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Analysis of Tube Thoracostomy Performed by Pulmonologists at a Teaching Hospital

Nancy A. Collop; Sola Kim; Steven A. Sahn
Author and Funding Information

From the Division of Pulmonary and Critical Care Medicine, Medical University of South Carolina, Charleston


1997 by the American College of Chest Physicians


Chest. 1997;112(3):709-713. doi:10.1378/chest.112.3.709
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Published online

Abstract

Study objective: To evaluate all tube thoracostomies (TTs) done by pulmonary/critical care fellows and attending physicians in the Medical University of South Carolina's health-care system documenting patient demographics, indication for placement, size and characteristics of the tube, and associated problems.

Design: Prospective.

Setting: University health-care system, including a university hospital, a Veterans Affairs hospital, and a county hospital.

Patients: All adult patients requiring consultation by a member of the pulmonary/critical care staff for a tube thoracostomy.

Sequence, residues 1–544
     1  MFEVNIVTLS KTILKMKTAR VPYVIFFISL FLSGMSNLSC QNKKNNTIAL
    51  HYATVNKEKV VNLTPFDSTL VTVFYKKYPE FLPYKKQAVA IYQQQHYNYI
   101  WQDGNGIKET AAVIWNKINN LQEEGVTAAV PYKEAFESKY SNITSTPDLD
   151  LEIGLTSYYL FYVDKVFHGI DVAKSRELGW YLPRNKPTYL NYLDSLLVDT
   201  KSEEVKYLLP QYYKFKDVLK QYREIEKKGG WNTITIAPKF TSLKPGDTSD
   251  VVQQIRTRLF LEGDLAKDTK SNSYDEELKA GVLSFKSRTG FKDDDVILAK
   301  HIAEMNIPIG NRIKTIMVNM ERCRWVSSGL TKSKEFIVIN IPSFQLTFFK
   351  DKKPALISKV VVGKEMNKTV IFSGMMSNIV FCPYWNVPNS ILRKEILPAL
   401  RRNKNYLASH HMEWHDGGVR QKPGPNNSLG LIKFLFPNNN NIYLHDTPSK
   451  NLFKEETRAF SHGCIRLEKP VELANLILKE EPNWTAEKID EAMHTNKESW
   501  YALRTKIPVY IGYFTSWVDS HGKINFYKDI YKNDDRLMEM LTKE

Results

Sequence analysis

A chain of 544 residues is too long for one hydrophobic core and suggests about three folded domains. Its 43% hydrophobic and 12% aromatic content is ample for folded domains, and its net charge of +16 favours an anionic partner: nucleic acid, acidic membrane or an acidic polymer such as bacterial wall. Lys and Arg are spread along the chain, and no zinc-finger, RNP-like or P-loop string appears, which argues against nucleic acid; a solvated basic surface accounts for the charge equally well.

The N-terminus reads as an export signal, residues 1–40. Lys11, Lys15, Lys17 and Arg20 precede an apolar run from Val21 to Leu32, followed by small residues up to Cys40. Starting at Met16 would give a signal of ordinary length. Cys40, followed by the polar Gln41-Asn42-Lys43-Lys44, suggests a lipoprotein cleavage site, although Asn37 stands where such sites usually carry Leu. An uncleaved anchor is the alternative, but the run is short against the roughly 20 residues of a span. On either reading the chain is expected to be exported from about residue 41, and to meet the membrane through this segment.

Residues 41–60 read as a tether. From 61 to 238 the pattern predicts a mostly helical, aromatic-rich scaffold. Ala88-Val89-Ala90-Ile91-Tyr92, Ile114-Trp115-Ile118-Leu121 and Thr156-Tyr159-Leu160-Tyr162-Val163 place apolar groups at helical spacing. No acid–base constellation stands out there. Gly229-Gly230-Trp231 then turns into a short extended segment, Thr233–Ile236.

Results: One hundred twenty-six tube thoracostomies were performed over a 24-month period in 91 patients. The most common initial indication for a TT was pneumothorax (69/103, 67%). Overall mortality in the patient population was 35% (32/91). Early problems (<24 hours following placement) occurred in 3% (4/126); late problems (>24 h after placement) occurred in 8% (10/126). Problems occurred in 36% (4/11) of small-bore tube placements vs 9% (10/115) of standard TT placements (p=0.02).

Conclusions: Tube thoracostomy can be safely performed by pulmonologists with relatively few associated problems.


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